It’s basically undisputed fact that Ferris Bueller’s Day Off is The Greatest Movie ever made.
Don’t agree? You might as well stop reading now. You and I? We have nothing to talk about.
If you’re still here, though, you’ll remember the final 10 minutes or so of Ferris Bueller – where Ferris is racing to get home before his parents, so they don’t realise he skipped school that day.
Friends, it turns out I’m the old, tragic Ferris Bueller.
Last night, Flea took her first ever unsupervised visit to the local supermarket. It’s about 2 minutes from our house by bike, so it’s not like it’s an Arctic exhibition or anything.
Still, the trip was better planned than your average journey to the pole. We planned the route (just one, quiet road to cross) and practiced it together. Money was put in purses, bike tyres topped up, iPhone charged.
And today was the day – Flea went to the shops.
It’s ridiculous, isn’t it?
When I was 7 or 8, I rode my bike to the shops ALL THE TIME. Flea’s nine. But somehow it felt like a BIG thing. Maybe because Flea’s on her own, as an only child. Or maybe I’m neurotic.
She set off at 5.49pm. By 5.50pm, I’d fired up “Find my iPhone” on the Mac and was obsessively refreshing the page, tracking her progress.
Why is she stopping at the top of the road? Why? Oh, she’s off again.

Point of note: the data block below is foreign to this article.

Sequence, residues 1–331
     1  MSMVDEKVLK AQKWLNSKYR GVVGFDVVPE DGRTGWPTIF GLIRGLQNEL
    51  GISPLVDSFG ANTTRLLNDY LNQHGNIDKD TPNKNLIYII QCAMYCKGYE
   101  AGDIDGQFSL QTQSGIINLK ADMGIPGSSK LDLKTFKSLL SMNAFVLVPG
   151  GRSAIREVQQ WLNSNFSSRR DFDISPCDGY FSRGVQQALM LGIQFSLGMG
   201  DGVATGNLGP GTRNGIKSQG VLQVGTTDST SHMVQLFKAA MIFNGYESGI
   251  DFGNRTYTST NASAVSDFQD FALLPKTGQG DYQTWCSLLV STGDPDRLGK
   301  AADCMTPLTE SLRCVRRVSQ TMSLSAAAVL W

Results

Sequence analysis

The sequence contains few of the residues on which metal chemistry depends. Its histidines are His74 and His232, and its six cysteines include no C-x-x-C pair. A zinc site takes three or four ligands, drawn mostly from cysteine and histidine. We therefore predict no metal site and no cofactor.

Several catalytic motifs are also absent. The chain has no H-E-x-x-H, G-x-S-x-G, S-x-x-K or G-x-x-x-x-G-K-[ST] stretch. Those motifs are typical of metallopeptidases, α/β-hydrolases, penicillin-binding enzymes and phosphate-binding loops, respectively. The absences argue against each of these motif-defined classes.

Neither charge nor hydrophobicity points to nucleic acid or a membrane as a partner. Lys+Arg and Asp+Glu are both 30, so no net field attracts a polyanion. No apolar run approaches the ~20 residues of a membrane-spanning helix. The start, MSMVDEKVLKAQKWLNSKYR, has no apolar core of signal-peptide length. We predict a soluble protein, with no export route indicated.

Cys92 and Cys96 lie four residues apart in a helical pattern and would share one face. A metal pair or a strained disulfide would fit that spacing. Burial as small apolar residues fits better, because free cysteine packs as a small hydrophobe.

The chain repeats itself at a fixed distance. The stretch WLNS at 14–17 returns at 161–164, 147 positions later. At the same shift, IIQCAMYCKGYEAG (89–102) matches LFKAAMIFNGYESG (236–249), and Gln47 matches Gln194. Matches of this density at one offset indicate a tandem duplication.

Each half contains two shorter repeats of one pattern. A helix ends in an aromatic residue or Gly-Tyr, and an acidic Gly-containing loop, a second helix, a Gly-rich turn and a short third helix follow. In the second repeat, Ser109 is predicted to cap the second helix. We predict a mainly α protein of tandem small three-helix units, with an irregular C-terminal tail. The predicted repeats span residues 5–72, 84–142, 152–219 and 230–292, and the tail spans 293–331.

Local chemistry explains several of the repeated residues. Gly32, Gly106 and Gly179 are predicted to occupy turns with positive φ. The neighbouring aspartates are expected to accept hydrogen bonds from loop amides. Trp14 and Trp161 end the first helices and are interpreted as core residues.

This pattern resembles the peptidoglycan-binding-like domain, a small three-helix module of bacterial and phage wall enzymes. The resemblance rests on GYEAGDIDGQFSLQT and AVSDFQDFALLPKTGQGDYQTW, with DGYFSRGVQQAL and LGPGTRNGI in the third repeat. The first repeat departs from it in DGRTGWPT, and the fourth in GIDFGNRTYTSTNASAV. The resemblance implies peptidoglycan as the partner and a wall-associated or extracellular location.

She’s at the supermarket. Signal’s gone. That means she’s inside the supermarket. Or she’s fallen down a sewer. Or is in the back of a van on her way to Calais.
Why is she inside SO long?
At 6pm, the green dot appeared again in “Find my iPhone” at the supermarket. And there it stayed. And stayed. And stayed.
It was now 6.08pm.
That’s 20 minutes. Allowing 5 minutes to cycle there and back, that’s 10 minutes to find a tin of tomatoes and some spinach.
I wait a minute more.
I grab the keys, lock up the house and set off up the street in the car. I don’t see her. I start to feel a bit sick.
Reach the top of the street, round the corner. Still no sign.
Start to drive up the street, and oh BUGGER IT – she’s cycling straight towards me, looking pleased as punch. If I spoil this moment for her I will be the Worst Mother in History.
I duck. Not recommended in the Highway Code but fortunately she’s too distracted to recognise our car.
Swing into the supermarket. Execute world’s fastest three-point turn. Charge back out of supermarket car park, using local garage forecourt as a short cut. I have to be at home when she gets home. She can never know I doubted her.
Turn back into our street and slam on the brakes when I spot Flea 10 metres ahead of me. Don’t turn around, I mutter to her. Don’t turn around.
Hold my breath to see if Flea cycles straight down the street to the front door, or ducks down the alley to go straight to our back gate. Thank God – she ducks down the alley. I speed down our street like a crack dealer fleeing the Feds, and screech to a halt outside our house.
I race into the house, fumbling the keys twice on the way. Tread on the dog’s paws in my rush to get to the back door. Open the back door. Into the garden.
Casually wait at the back gate, where my child has just arrived.
“Oh, you’re back. I was just playing with Teddy. How did it go?”
I think I got away with it.
Mother of the Year.